Last Updated on May 7, 2015, by eNotes Editorial. Word Count: 1447
Because William Hazlitt was a writer, it was not enough that he found himself passionately attracted to his landlord’s daughter; he had to write about it. Liber Amoris: Or, The New Pygmalion appeared in 1823, slightly disguised by initials in place of names, as the anonymous account of a writer’s foolish passion, but it was not long before the secret was out. A reviewer for the magazine John Bull, claiming that the review in The Times of London, which was favorable, had been written by Hazlitt himself, attempted to picture the young woman in the book as a young, innocent child and Hazlitt as an “impotent sensualist.”
Hazlitt quite properly gave his work a subtitle, for his passion led him into flights of creative imagination whereby he sought to give his beloved traits of character and depth of feeling to match her physical charms. His conversations with the landlord’s daughter, delightfully transcribed at the beginning of the work, show Hazlitt to have been as much dazzled by his own literary facility in describing her charms as he was with the charmer herself when she was seated on his lap returning his kisses. By the time the affair ended—after he had discovered that she was no more than a flirt, and not an innocent one at that—what impressed him most was that she was not what she had seemed. What she had seemed to be is what, in his writer’s imagination, he had made her; what he discovered, when he realized her true nature, was that reality does not copy the images of poets, even when they write a Liber Amoris.
The Pygmalion theme is never explicitly developed in the book, but Hazlitt speaks of Sarah as “the statue.” In the first of his letters to C. P., Esq., written from Scotland, Hazlitt says in a footnote, “I have begun a book of our conversations (I mean mine and the statue’s) which I call Liber Amoris.” Later, in letter 13, the penultimate letter of part 2, he writes to Peter George Patmore again about Sarah: “Since I wrote to you about making a formal proposal, I have had her face constantly before me, looking so like some faultless marble statue, as cold, as fixed and graceful as ever statue did.”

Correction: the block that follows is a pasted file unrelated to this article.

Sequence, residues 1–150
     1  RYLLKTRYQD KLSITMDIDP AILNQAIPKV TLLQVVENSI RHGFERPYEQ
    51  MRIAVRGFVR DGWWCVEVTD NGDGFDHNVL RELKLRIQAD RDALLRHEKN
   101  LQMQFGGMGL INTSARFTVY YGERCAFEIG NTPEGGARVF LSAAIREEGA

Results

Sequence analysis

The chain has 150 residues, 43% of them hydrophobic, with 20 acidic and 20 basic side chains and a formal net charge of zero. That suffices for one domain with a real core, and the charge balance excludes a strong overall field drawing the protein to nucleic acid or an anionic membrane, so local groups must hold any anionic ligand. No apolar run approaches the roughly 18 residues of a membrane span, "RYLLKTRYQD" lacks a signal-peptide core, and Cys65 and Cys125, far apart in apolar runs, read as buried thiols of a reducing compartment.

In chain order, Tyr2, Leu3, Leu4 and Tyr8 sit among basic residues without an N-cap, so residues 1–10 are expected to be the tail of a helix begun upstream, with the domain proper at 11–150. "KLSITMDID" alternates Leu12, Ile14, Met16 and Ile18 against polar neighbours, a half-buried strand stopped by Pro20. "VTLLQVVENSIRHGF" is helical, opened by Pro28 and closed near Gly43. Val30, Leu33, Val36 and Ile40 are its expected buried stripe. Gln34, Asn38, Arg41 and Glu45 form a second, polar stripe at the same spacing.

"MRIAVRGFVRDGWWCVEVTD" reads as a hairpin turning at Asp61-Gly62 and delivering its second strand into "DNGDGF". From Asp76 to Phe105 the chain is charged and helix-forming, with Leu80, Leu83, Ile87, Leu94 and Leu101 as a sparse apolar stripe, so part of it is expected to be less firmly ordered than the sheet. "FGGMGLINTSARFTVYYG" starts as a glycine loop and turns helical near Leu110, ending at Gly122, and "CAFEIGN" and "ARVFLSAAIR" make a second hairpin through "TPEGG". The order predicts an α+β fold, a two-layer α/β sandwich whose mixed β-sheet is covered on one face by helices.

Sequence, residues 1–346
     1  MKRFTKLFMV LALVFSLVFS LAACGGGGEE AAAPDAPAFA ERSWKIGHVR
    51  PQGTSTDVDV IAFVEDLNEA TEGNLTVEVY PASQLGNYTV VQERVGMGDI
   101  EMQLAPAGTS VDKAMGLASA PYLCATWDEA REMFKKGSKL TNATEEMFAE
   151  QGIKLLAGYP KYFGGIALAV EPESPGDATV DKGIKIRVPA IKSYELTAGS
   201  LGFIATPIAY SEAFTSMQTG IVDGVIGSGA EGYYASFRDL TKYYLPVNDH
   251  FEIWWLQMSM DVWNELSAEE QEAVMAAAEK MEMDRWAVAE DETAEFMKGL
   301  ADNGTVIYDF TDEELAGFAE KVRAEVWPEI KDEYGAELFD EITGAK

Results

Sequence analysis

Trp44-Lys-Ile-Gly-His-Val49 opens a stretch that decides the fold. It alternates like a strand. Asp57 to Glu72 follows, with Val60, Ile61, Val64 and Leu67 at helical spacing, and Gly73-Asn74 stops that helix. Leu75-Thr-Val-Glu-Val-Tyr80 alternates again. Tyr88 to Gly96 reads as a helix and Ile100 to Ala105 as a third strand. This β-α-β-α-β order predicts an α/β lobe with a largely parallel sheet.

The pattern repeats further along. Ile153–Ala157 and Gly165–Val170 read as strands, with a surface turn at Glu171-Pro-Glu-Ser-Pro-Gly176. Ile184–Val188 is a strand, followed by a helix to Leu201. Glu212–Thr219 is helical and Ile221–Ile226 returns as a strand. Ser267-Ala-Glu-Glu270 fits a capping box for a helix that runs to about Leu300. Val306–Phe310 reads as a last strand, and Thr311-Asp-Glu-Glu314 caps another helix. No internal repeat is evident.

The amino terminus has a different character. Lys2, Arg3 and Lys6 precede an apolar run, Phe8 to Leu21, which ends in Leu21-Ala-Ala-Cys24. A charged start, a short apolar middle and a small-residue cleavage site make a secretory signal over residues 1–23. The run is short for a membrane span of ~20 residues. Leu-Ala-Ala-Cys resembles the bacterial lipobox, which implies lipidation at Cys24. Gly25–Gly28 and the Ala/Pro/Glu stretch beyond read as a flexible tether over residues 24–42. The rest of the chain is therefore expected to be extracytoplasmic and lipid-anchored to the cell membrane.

Liber Amoris begins with a series of conversations, apparently the result of Hazlitt’s attempt to re-create the substance and feeling of amatory moments spent with Sarah. After that, a series of letters to Patmore carries the narrative forward as it tells of Hazlitt’s hopes and doubts while in Scotland awaiting a divorce from his wife. The book closes with some letters to J. S. K., which, unlike the letters to Patmore, were never actually sent but composed solely to complete the book.
Hazlitt became acquainted with Sarah Walker after his separation from his wife. Sarah, the second daughter of Hazlitt’s landlord, Micaiah Walker, a tailor, was then in her late teens, and, according to the account in Liber Amoris, Sarah let Hazlitt kiss her the first time they met. During the first week of their acquaintance, she sat upon his knee, and, as he wrote, “twined your arms round me, caressed me with every mark of tenderness consistent with modesty.”
Later, Hazlitt was to tell Sarah’s father that she had made a habit of sitting on his knee and kissing him. The father had supposed that the occasion upon which he had surprised the two lovers together was the only time such a thing had occurred, but Hazlitt, trying to win sympathy for himself when he could not convince Sarah to marry him, assured Walker that “it was a constant habit; it has happened a hundred times since, and a thousand before. I lived on her caresses as my daily food, nor can I live without them.”
The conversations are convincing and lively, more self-revealing than Hazlitt probably supposed. They show a man convinced of his ability to charm with language one whom he had so often...
(The entire section contains 1447 words.)
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